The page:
No one is more surprised than me that an invitation to Chelsea Clinton’s wedding this weekend has yet to appear in my mailbox. Actually, no one is surprised but me. Nevertheless, I’m still surprised.

We don’t actually know each other, although for years I’ve often imagined that the former first daughter and I have led parallel lives. As such, I thought she might know about me and feel the same way, too, and want me to be among the guests at her nuptials this Saturday. (To the Secret Service: This should in no way be constituted as a threat.)

Hers might boast former and current titles like governor, senator, president of the United States, secretary of state, New York Times best-selling authors, and defendants, but I too have high-profile parents. At one time my dad was arguably the winningest bridge player on the 7:28 a.m. express train from Mamaroneck to Grand Central Terminal. And my mom easily racked up more World’s Best Teacher mugs than any other educators at Central School in Larchmont. So like Chelsea, I understand all too well how it feels to live under a global microscope fraught with issues such as transportation, commerce, education and politics.

Chelsea once famously wore Versace, straightened her hair and hung out in Paris with Madonna and Gwyneth Paltrow. I, too, have had my hair straightened, am aware that the Versace clothing line exists and traveled to Paris (twice).

We’ve both demonstrated academic distinction: She skipped the third grade; I stumbled through all the grades.

After finishing college, Chelsea and I each made extraordinary marks in the real world. She joined the prestigious consulting firm McKinsey & Co., where, for a starting salary of $120,000, she helped advise leading companies on issues of strategy, organization, technology and operations. I became an NBC page, wore a uniform only slightly more attractive than standard-issue prison garb, and for $9.23 an hour gave tours of all the locations in 30 Rock in which John Belushi snorted lines of cocaine and pointed out fire exits and where Seinfeld T-shirts were available for purchase.

While she spent her formative years in the White House, I grew up in a house in Westchester County, N.Y., that had some white trim. And now her parents call Westchester County home. It all comes full circle.

Further completing the connection, almost four years after I tied the knot, Chelsea is preparing for the details of her wedding to make a big splash in the news in the next couple of days. News of my wedding also made a big splash in the days leading up to it. Actually, technically it was a big splash that made the news in the days before my wedding when a tropical storm passed through town and waves crashed up and over the seawall onto the lawn at the site of the ceremony. In fact, the green grass turned brown. But she needn’t worry about that too much — photographers should be able to Photoshop the lawn green for her, too, if necessary.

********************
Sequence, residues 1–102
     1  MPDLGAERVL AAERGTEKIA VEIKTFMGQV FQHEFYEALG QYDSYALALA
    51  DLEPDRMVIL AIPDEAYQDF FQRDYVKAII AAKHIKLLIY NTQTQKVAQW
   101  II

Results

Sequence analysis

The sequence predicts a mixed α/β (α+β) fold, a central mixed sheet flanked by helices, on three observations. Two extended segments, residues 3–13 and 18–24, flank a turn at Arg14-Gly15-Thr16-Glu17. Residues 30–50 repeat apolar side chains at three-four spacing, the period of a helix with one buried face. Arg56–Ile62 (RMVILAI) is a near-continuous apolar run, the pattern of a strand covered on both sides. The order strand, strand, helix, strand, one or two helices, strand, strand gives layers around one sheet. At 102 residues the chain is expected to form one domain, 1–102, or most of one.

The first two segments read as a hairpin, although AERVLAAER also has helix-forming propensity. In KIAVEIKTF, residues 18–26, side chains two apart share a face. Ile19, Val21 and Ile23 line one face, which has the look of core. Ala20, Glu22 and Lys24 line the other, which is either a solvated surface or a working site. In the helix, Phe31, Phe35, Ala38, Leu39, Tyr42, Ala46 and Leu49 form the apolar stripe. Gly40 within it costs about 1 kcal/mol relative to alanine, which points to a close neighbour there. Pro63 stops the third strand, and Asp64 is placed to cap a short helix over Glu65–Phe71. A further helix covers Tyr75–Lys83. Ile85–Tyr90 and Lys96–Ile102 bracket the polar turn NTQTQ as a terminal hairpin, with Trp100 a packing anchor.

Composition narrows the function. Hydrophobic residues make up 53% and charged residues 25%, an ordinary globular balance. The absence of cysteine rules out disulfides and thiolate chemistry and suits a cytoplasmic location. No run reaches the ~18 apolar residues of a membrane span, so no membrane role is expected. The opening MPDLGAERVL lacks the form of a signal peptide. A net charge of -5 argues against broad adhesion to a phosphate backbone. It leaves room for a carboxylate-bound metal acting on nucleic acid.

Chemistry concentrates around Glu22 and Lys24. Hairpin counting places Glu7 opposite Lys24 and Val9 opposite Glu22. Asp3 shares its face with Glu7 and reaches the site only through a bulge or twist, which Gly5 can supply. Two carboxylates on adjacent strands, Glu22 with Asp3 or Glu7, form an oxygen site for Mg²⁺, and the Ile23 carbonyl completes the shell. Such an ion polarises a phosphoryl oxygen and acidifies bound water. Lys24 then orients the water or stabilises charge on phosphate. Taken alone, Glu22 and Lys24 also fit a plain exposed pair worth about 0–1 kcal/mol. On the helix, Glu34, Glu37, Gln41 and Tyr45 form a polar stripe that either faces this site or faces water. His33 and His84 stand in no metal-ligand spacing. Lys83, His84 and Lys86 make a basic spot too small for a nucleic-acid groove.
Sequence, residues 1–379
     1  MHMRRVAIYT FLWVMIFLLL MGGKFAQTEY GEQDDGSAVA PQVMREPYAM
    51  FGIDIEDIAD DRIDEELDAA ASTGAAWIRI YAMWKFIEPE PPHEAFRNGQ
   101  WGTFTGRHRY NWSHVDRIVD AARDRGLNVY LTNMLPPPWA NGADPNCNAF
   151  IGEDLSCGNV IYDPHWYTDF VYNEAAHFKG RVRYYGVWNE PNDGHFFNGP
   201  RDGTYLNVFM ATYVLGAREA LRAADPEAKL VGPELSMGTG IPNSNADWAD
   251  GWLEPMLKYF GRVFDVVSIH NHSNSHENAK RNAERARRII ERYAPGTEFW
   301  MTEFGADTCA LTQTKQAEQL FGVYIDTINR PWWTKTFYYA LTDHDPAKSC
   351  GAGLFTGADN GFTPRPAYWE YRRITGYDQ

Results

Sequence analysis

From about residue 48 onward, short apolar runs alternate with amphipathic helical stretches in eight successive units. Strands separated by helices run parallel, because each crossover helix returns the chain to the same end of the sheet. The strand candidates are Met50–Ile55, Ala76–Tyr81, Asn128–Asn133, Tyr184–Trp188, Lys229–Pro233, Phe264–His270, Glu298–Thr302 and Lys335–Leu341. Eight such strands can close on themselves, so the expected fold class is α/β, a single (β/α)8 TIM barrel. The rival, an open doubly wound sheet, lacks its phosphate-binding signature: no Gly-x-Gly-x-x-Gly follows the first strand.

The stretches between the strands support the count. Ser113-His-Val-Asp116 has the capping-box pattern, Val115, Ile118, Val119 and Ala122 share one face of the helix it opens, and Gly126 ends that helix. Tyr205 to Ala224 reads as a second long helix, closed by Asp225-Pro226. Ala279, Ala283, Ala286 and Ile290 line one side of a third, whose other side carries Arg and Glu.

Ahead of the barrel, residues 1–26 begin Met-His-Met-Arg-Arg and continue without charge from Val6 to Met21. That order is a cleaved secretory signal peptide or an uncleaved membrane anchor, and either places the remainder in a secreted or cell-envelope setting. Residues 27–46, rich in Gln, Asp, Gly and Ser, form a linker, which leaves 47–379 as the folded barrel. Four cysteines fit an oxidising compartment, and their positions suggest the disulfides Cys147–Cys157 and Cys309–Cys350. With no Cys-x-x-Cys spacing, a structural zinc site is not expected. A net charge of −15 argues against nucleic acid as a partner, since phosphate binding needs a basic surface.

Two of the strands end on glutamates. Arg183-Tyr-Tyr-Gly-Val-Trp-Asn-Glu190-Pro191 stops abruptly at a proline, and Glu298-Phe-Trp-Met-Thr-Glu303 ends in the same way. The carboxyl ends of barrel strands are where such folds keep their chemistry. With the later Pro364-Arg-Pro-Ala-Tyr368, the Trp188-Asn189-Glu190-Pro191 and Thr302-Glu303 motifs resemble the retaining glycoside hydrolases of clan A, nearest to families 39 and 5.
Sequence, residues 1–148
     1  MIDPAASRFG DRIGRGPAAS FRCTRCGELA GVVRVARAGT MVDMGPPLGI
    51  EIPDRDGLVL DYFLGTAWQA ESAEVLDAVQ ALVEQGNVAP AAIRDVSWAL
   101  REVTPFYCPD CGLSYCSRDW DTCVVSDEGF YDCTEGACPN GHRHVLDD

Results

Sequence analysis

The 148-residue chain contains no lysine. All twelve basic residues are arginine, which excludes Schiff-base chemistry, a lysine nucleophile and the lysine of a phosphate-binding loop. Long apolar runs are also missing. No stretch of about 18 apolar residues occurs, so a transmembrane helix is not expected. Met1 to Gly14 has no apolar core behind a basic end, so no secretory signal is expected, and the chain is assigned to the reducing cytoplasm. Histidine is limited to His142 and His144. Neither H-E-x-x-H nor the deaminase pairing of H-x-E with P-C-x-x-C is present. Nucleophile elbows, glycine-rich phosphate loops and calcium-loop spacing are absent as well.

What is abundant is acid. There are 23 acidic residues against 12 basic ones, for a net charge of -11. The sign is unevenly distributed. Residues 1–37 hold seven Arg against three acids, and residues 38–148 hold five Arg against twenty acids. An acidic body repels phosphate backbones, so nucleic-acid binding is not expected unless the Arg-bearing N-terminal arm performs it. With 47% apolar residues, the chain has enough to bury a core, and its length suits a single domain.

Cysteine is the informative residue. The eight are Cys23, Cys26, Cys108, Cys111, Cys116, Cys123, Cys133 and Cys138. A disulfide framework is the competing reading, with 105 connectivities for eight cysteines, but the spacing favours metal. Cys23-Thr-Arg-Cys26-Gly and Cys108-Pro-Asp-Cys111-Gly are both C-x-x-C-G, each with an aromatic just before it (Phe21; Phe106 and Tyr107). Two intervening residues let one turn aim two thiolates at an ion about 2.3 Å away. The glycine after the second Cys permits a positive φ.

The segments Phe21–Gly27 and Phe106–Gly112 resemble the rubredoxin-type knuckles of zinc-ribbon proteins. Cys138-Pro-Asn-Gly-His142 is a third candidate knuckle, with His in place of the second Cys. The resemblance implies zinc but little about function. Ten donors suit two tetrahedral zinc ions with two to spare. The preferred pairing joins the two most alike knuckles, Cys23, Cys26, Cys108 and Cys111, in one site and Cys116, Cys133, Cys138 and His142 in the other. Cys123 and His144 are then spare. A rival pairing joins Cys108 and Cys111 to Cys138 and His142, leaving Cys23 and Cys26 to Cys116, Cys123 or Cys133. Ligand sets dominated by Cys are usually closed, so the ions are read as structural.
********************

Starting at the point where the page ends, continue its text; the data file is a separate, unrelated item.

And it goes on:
If I had been invited, I would have passed along to Chelsea the same advice given to me on my wedding day, which is to take it all in and try to remember each little moment. After all, this is her parents’ big day, and who knows when they’ll have occasion again to get all dressed up and be surrounded by world leaders and Hollywood elite.

When her father addresses the crowd, er, makes a toast, Chelsea should also check with the director ahead of time to ensure that the TelePrompTer is cued up to the right place and that the stage manager is given strict instructions to give him the high sign if he exceeds 45 minutes. You know, basic bridal stuff.

Lastly, if I were Chelsea, I’d open Oprah’s gift before the main course is served. That way, if it’s something lame, like a crockpot, she can withhold her short ribs or sea bass (I’m not privy to which one Oprah checked off on the RSVP card). After all, chick owns half the free world — she can do better by Chelsea than a set of champagne flutes or dish towels.

Oprah should take a page out of my book and be generous. I sent Chelsea the four-piece Toaster Oven Baking Set from Crate and Barrel. It was actually only $19.95, so I hope she wasn’t expecting something more. Of course I expected an invitation, so we can just call it even.

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